Despite boasting a roster that overlaps with that of Broken Social Scene, Canadian quartet Metric have spent the last decade amassing a dedicated but modestly-sized fan base. Their previous albums have garnered plenty of critical acclaim but little airplay, and their new release Fantasies made it to #76 on the Billboard Top 200 but stopped short of making the band an indie-household name. And so it was that Metric, buried beneath headlining acts The Black Keys and Yeah Yeah Yeahs at the FM 94/9 Independence Jam, proceeded to blow both of those bands away.
Dressed in an all-white ensemble—including a microscopic pair of cutoffs that generously showed off the best legs in indie rock—and sporting a mane of bleached blond hair, Emily Haines exuded the stylish cool of a young Debbie Harry. The outdoor stage, positioned on the beach with the Pacific glimmering behind it and flocks of seagulls flying overhead, may have seemed ill-suited for the band’s moody, futuristic tones, but Metric’s brilliantly executed performance proved a fitting soundtrack to the gorgeous SoCal afternoon.
Easing into the set with an extended version of “Twilight Galaxy”, the band piled layer after layer around Joules Scott-Key’s brisk, palpitating drumbeat. It was an assured beginning to what would be a relaxed but captivating set: the band in no apparent hurry, clearing each song’s hurdles with confidence and ease. “Satellite Mind” upped the pace to a jog, with guitarist James Shaw’s tight riffs sharpened by Haines’ gleaming synth lines. Every note was tastefully marinated in an array of effects, resulting in a thrillingly unique and perfectly mixed sonic onslaught.
Though “Sick Muse” is one of Fantasies’ highlights, its live performance proved a rare stumbling block for the band. Haines’ reticent demeanor worked against her during the song’s chorus, with her sheepish delivery—she appeared to have forgotten the lyrics—depleting the hooky refrain of its joyous energy. But all was forgiven as they began to play “Gimme Sympathy”; with its half-cooed, half-spoken chorus, the song recalled 2003’s Old World Underground, Where Are You Now?, and allowed Haines’ confidence to return in full force.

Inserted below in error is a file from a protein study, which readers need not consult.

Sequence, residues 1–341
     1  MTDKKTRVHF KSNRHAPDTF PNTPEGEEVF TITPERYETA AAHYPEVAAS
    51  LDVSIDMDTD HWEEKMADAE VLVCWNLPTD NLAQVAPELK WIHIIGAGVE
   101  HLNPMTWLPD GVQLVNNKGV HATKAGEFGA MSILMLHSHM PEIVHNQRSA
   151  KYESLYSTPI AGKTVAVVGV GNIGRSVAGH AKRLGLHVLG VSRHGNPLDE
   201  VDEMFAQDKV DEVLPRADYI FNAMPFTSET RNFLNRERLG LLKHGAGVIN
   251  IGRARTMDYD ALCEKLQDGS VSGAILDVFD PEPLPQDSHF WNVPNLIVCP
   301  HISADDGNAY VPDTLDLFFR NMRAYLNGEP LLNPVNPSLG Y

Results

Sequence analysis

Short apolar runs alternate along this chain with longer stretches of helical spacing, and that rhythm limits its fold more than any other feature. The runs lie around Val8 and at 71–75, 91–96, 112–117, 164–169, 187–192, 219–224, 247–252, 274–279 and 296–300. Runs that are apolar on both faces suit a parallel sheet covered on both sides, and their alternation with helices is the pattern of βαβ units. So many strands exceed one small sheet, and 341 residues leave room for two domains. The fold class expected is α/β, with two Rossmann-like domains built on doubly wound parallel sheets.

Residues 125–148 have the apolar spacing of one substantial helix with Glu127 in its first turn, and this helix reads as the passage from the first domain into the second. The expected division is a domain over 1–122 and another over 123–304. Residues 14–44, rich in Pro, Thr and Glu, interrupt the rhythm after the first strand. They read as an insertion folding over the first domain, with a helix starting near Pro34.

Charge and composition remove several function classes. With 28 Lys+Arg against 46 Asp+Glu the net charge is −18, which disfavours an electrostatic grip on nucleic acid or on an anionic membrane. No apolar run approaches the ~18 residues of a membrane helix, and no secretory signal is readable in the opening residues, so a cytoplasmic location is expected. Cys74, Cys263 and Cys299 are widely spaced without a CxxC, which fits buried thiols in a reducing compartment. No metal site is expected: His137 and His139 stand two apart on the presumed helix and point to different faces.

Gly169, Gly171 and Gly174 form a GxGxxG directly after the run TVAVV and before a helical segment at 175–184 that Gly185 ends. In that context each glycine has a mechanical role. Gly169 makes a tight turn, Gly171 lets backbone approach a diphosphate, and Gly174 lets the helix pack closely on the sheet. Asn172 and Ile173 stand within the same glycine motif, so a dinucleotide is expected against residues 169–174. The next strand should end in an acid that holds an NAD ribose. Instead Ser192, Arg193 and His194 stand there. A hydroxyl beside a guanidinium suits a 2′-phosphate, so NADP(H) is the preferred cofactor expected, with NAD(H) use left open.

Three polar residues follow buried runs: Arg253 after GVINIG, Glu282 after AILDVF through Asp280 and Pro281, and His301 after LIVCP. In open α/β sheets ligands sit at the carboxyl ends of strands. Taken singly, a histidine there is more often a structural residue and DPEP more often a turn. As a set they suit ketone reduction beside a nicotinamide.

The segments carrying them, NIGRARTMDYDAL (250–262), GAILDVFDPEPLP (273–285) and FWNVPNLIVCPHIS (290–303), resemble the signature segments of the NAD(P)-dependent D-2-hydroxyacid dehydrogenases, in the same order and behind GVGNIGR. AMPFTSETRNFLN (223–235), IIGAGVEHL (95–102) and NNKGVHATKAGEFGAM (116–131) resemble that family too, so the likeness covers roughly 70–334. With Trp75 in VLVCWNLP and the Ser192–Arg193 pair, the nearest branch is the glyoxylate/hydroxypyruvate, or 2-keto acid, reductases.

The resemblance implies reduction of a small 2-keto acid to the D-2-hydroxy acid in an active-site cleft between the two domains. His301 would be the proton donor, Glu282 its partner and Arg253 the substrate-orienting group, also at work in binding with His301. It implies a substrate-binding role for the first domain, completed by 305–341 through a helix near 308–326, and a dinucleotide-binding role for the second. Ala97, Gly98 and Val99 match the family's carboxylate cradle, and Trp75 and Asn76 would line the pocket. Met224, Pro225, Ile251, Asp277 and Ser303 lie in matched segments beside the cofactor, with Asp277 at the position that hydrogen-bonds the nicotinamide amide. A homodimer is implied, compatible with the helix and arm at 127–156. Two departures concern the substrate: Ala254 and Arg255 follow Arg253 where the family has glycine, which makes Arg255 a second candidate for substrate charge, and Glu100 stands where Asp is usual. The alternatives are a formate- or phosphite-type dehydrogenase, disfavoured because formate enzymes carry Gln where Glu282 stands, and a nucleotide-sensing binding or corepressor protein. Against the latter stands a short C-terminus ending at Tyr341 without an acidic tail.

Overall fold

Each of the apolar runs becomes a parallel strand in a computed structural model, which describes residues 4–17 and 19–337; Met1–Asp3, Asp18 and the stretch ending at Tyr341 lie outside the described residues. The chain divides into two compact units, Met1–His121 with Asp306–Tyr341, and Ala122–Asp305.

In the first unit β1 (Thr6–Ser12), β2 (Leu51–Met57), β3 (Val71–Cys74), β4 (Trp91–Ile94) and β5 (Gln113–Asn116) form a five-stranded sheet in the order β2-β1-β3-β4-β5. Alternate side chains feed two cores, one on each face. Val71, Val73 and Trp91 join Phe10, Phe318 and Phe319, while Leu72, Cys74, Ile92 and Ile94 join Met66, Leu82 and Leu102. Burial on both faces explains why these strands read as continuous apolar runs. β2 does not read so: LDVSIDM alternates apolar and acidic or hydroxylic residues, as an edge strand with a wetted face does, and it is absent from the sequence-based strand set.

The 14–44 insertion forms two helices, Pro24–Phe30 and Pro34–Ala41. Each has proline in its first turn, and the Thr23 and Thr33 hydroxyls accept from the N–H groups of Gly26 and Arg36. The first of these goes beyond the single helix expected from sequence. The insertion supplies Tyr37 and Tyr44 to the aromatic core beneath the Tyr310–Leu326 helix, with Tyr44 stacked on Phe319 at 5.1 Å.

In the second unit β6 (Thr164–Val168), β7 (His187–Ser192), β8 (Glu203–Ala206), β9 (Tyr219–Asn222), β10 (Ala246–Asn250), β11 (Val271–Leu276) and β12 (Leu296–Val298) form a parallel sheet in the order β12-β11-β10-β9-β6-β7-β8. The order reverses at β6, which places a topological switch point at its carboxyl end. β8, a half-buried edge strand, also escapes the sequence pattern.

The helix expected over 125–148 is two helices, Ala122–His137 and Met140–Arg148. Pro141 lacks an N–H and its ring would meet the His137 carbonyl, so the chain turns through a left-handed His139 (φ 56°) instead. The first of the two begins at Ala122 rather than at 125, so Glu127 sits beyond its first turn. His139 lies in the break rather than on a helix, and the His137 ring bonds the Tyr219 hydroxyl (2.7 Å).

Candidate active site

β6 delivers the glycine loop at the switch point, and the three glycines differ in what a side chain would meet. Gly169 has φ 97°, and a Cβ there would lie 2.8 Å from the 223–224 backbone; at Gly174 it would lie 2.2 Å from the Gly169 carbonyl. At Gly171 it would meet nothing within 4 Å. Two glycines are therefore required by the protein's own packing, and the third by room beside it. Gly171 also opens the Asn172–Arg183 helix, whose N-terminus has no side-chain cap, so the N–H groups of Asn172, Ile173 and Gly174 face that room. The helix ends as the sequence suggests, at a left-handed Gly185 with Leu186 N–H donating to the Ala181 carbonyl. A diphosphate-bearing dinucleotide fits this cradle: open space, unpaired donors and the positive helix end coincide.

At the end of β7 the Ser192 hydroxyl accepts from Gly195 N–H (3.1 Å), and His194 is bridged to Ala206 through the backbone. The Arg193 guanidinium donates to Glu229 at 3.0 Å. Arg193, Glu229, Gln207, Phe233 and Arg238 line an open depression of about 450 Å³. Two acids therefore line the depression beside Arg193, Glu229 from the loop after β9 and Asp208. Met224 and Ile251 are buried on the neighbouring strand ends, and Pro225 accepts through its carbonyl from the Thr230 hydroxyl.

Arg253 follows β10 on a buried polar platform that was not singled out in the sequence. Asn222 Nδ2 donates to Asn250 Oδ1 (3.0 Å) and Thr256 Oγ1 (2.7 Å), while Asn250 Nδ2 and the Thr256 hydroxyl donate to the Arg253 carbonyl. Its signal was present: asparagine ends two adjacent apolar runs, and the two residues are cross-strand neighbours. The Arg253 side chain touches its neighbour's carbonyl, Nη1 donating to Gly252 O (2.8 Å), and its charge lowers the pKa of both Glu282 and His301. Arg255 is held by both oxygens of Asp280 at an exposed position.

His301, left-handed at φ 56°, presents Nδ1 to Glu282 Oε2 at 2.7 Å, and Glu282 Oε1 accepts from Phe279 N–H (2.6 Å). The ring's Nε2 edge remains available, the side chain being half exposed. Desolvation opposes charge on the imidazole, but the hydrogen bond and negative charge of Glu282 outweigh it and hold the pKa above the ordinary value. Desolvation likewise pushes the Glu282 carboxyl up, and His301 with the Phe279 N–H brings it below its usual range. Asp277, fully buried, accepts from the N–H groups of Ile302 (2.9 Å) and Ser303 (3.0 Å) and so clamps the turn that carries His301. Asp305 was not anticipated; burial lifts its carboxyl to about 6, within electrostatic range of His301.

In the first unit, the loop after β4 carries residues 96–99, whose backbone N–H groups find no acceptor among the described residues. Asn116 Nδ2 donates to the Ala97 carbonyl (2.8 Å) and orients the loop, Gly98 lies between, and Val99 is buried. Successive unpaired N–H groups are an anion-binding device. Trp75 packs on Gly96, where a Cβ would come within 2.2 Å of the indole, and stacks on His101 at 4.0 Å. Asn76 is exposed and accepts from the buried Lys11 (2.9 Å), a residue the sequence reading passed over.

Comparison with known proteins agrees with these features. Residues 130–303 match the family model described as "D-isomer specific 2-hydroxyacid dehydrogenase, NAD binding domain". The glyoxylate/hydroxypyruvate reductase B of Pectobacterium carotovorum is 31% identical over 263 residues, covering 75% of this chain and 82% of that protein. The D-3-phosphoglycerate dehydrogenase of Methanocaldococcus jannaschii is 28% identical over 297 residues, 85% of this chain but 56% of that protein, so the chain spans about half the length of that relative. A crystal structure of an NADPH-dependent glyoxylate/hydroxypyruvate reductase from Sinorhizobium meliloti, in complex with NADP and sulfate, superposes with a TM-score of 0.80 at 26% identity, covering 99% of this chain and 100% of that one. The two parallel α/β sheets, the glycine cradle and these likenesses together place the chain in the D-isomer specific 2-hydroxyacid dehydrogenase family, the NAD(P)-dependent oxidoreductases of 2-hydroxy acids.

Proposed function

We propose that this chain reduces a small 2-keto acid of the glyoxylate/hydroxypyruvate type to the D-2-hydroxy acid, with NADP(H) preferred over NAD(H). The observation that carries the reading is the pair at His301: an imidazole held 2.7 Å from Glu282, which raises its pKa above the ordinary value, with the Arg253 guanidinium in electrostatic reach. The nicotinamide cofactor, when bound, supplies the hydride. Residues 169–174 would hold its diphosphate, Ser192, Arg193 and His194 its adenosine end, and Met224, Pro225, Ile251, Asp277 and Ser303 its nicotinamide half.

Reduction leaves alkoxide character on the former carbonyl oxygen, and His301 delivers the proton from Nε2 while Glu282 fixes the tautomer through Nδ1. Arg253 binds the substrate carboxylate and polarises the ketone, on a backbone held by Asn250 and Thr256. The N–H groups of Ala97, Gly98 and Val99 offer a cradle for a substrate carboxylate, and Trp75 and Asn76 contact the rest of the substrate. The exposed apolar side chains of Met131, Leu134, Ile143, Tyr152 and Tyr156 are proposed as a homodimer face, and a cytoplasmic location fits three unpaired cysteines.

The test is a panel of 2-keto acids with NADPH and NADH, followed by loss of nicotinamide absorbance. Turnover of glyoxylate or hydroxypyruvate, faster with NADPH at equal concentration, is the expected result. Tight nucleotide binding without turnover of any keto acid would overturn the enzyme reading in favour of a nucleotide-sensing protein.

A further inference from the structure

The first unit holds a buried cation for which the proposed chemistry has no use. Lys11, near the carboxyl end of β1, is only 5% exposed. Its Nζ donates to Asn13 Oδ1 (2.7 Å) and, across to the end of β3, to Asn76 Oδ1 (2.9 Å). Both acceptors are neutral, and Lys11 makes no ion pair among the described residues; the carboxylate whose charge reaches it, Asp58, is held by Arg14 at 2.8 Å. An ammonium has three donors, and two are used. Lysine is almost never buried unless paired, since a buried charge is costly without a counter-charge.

The band formally dipped into Old World Underground with their performance of “Dead Disco”, that album’s ballad of musical dissatisfaction. The song’s complaint that “All we get is dead disco, dead funk, dead rock and roll” was clearly not a sentiment shared by fans in the crowd, who sang along enthusiastically. Metric also checked back into “Monster Hospital”, their furious single from 2005’s Live It Out, before hammering out their current hit, “Help I’m Alive”. The band capped their set with the anthem “Stadium Love”, which was bolstered by a fist-pumping chorus and the tight interplay between Haines’ synth and Shaw’s guitar.
Describing their new album in between songs, Haines stated that the band had sought to make a perfect summer album: something you could blast from your car with your sunglasses on and the windows rolled down. It was an odd mission statement from a band best known for crafting dark, moody synth-pop with a political bent. But by the time they wrapped up their performance, the idea made complete sense. The compositions may have dark undertones, but Metric rocked the stage with enough propellant attitude to send their songs soaring higher than the seagulls that circled above.